I have also made my own custom modifications for my forum. For example, I have integrated news from other sources into my forum. I have done other neat things like putting up real time graphics showing the total posts per day. More recently, I completed a modification I call Smartfeed (not to be confused with this Smartfeed effort). It allows phpBB forums to be accessed using RSS or Atom newsfeed protocols.

Still, demand for enhancements to phpBB keep coming in. phpBB may be free, but it is like buying a stripped down car. Those with the requisite skills add their favorite modifications from the phpBB modifications database, or the phpBB Hacks site. Many others though simply do not have the skills, or do not want to bother. In addition, they are having a hard time finding someone to install these modifications and maintain the site for them. Moreover, some of them are willing to part with money to keep their “free” board patched and feature rich.

Just last night I got such a request. A forum for PhDs wanted me to install my digest modification. So far, I had said, “no way”. I do not run a charity ward. Then I started thinking about it. Maybe there was a way to make some money from these requests. I said I would install it for free, but warned them that if they wanted more modifications or needed maintenance applied, it was going to cost money. I warned them there was a long-term cost to having a forum. Still, it is often irresistible to get something for free up front (my labor) and still discount the long-term costs.

This work is not too hard for someone with my skills. Actually, it is somewhat boring and tedious. Nevertheless, someone has to do it. In addition, there seems to be a persistent demand out there for phpBB modifications. As long as I do a bit of it on the side, and do not turn it into a second career it may be a great way to pick up some pocket money.

And truth be told, since a friend showed me her video iPod, I have been sort of wanting one of my own. Perhaps I have found a guilt free way to buy one.

 
The Thinker

The coming pervasive open source software world

I think I’ve become an open source zealot. Having recently returned from Orlando and a four-day MySQL User Conference, I think I have the religion.

Open source is software that tends to be free and whose source code (before compilation) can be freely downloaded, inspected and compiled if necessary. It’s not that I don’t think commercial software has its place anymore. But when looking for information technology solutions I just increasingly question why any organization or company would not first look at the open source software market.

In my agency, the U.S. Geological Survey, we have a big enterprise license to use Oracle software. We are being gently pushed and nudged into looking for ways that we can utilize Oracle software in our information technology (IT) projects. In my part of the universe, the water resources area, we are Oracle free. Some visionary developers who arrived years before I did realized that the USGS could serve its water data to the public reliably and cheaply using an “open source” database product called MySQL. This was 1999. No, it didn’t have all the bells and whistles of an Oracle or a SQL Server database. But it was 90% of the way there and was good enough. More importantly it was free to use. In a cash-strapped agency we didn’t have hundreds of thousands of dollars to purchase Oracle licenses. Moreover we sure didn’t want the expenses to have to train a staff in using Oracle technologies. MySQL is straightforward to use, simple to set up, serves data with blinding speed and is rock solid reliable. We didn’t feel vulnerable picking it as our solution. But just incase the developers, MySQL AB went out of business we still had the source code and could improve or modify it as necessary.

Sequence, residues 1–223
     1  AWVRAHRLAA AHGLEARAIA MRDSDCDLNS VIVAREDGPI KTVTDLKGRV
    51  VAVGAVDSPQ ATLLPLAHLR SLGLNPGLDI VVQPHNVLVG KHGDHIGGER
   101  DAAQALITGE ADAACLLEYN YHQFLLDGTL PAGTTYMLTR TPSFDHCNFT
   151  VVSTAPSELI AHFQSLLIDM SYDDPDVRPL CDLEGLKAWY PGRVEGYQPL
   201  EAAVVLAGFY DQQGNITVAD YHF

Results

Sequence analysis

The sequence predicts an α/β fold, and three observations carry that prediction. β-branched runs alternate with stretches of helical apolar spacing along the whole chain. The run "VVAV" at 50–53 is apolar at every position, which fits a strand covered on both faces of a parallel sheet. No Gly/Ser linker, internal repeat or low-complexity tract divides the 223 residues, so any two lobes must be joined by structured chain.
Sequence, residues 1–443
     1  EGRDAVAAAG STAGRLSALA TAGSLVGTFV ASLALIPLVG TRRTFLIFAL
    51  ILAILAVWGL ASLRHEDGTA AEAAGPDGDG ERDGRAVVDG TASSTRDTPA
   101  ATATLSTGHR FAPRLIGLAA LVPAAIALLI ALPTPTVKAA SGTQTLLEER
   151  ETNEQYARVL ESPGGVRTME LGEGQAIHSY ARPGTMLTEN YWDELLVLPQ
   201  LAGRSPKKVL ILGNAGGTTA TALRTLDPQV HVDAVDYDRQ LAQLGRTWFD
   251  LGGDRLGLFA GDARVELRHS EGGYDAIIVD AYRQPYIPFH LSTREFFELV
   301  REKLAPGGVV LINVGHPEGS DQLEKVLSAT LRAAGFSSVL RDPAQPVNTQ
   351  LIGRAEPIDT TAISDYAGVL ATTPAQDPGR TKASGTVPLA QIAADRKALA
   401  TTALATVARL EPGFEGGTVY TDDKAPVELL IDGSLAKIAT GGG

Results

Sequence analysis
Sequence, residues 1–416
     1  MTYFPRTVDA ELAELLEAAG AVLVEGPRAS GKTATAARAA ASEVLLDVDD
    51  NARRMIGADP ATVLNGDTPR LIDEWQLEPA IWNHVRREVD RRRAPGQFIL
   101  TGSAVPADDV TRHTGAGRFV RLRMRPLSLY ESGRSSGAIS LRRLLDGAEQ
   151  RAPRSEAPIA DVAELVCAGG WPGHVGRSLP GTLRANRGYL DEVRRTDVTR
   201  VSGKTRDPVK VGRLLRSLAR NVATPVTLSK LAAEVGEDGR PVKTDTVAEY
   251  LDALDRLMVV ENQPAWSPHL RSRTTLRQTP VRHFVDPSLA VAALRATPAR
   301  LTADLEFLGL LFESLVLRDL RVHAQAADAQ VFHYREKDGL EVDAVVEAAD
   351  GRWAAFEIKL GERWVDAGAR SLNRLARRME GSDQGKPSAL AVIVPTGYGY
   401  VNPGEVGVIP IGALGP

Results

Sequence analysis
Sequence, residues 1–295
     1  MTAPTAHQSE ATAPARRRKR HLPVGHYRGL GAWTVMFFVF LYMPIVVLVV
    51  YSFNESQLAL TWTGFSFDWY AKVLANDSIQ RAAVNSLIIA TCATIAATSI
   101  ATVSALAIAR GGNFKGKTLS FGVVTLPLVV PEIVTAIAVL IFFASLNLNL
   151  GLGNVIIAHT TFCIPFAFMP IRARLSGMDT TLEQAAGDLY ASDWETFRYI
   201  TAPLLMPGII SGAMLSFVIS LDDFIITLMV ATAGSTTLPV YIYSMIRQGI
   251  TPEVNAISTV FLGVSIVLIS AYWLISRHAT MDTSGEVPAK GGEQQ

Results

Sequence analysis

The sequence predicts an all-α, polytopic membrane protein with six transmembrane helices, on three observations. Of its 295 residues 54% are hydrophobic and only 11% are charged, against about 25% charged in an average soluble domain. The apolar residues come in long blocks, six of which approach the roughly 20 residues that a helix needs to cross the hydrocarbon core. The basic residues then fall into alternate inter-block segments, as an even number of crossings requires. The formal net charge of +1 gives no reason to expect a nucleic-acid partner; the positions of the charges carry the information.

In 1999 this was a very innovative act for a government agency. Use of open source software back then was limited largely to the Apache web server and the Linux operating system. More typical was the agency I was working for at the time. It was a pure Oracle database shop. Now unquestionably Oracle runs very fast. It has all the latest gee whiz sorts of features including XML support. But we weren’t using any of them. MySQL would have been fine for many of our needs, had our agency bothered to look at the product. And we would have saved hundreds of thousands or millions of dollars.

But open source is not just about saving money. It’s about allowing software to become platforms that can be extended in ways that suits a customer. By buying into Oracle we found it was difficult not to lock into Oracle. I found in my last job that when I compared Oracle Reports to Crystal Reports, Oracle Reports won because we could get it cheaper through our enterprise license agreement. It was more complex to run and set up than Crystal Reports, but that didn’t matter. “We’re an Oracle shop” was the message. Oracle was preferred and the default solution. But its products are black boxes that rarely can be installed and configured to run efficiently by themselves. If you want those sorts of extras you had best hire Oracle Consulting to come in. For $2500 a day they’ll be glad to tune these applications to make them work reliably in your environment.